The Witch’s Trinity tells the story of Güde Müller, an elderly grandmother who lives with her only son Jost and his family. They live in Tierkinddorf, Germany and have been experiencing two years of extreme famine. The strain of living without adequate food is taking its toll on the family and the town as a whole. Güde can tell how much Irmeltrud, Jost’s wife, resents her being alive and taking food that would ordinarily go to her children. After a Catholic priest is called in to investigate whether witches are to blame for the town’s hard luck, one of Güde’s childhood friend is burned at the stake. Still, the town is desperate. The able-bodied men leave the village in search of food. While they are gone, the village starts to turn on one another and it seems that no one is safe from being accused of witchcraft.

This book had a powerful affect on me. It made it difficult for me to sleep well for almost a week. It’s unbelievable the things that humans will do to one another and it’s frightening how open women and the elderly are to abuses of many kinds. It’s especially shameful how women turn on each other instead of supporting each other. The terror experienced by Güde and other helpless citizens of Tierkinddorf was so believable that there were entire sections of this book that had my heart racing. I left this book feeling thankful to be alive in 2008 instead of 1608. Witch trials make workplace cattiness seem like child’s play.

As with many books, The Witch’s Trinity was tidied up too quickly and neatly. I would still suggest that anyone interested in witch trials or the plight of women or the elderly read it. You will continue to think about this book and its themes long after you’ve finished it. That certainly sets this novel by Erika Mailman apart from the rest.

The Witch’s Trinity is being published in paperback on October 7th.  Over the course of this month, Erika Mailman is graciously offering copies of this novel to three lucky readers.  Come back each week for details on how you can win your own copy of this novel.  Not willing to leave it to luck?  Click here to order a hard cover copy of this novel for yourself.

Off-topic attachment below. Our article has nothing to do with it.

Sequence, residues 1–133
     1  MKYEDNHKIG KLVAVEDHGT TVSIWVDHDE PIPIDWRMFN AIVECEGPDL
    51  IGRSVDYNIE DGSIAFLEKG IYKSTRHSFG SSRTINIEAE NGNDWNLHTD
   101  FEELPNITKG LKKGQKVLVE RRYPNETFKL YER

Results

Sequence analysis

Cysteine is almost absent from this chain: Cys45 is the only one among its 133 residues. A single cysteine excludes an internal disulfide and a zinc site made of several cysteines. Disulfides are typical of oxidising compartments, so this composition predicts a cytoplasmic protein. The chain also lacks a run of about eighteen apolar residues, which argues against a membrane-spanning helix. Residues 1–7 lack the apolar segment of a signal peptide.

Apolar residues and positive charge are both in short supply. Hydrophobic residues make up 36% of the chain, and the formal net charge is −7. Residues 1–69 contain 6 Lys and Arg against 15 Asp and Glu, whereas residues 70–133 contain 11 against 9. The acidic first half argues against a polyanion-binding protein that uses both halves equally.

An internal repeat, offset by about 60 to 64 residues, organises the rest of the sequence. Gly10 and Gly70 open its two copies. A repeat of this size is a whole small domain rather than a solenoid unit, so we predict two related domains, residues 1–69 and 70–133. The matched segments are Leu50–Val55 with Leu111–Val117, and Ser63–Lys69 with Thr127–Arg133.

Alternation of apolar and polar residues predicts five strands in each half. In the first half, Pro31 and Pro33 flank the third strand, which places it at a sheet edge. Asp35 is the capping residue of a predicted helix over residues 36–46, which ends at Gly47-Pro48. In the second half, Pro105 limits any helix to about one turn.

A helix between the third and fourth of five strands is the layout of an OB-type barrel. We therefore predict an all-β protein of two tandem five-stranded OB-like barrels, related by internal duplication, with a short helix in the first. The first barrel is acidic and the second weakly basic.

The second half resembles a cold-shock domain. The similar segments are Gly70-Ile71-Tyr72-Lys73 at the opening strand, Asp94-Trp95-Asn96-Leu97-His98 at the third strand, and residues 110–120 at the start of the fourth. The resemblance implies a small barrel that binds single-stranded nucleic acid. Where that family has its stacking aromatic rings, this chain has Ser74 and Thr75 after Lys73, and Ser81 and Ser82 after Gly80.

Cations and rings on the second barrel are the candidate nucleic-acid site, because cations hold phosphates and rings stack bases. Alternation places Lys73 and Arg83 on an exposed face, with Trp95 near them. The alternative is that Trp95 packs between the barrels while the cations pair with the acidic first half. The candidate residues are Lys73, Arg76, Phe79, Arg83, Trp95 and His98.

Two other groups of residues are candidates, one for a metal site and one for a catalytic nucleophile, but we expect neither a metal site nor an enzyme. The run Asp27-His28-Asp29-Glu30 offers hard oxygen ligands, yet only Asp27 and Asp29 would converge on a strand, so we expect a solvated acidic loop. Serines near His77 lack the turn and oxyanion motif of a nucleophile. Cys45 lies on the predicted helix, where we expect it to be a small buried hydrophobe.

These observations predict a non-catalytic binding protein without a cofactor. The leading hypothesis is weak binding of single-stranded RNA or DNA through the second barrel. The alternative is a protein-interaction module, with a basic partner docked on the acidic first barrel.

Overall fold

#58 ~ The Witch’s Trinity

February 15, 2008 at 12:22 pm | Posted in Books, Brain Food for Thought, Culture, Family, Historical Fiction, LIfe, Religion | 1 Comment
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trinity.jpg

The Witch’s Trinity: A Novel by Erika Mailman

I’ve been reading a lot of historical fiction recently and most of it has centered on London. The greatest portion of that has taken place during the reigns of the Tudor monarchs. I wanted to change things up. So, when I read the list of Divia’s holiday bounty, I instantly took notice of The Witch’s Trinity. Not only does it take place in Germany, it had a paranormal twist. This made it very much different from my usual fare. It was a quick read that did not disappoint.

The Witch’s Trinity tells the story of Güde Müller, an elderly grandmother who lives with her only son Jost and his family. They live in Tierkinddorf, Germany and have been experiencing two years of extreme famine. The strain of living without adequate food is taking its toll on the family and the town as a whole. Güde can tell how much Irmeltrud, Jost’s wife, resents her being alive and taking food that would ordinarily go to her children. After a Catholic priest is called in to investigate whether witches are to blame for the town’s hard luck, one of Güde’s childhood friend is burned at the stake. Still, the town is desperate. The able-bodied men leave the village in search of food. While they are gone, the village starts to turn on one another and it seems that no one is safe from being accused of witchcraft.

This book had a powerful affect on me. It made it difficult for me to sleep well for almost a week. It’s unbelievable the things that humans will do to one another and it’s frightening how open women and the elderly are abuses of many kinds. It’s especially shameful how women turn on each other instead of supporting each other. The terror experienced by Güde and other helpless citizens of Tierkinddorf was so believable that there were entire sections of this book that had my heart racing. I left this book feeling thankful to be alive in 2008 instead of 1608. Witch trials make workplace cattiness seem like child’s play.

As with many books, The Witch’s Trinity was tidied up too quickly and neatly. I would still suggest that anyone interested in witch trials or the plight of women or the elderly read it. You will continue to think about this book and its themes long after you’ve finished it. That certainly sets this novel by Erika Mailman apart from the rest.

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To buy this novel, click here.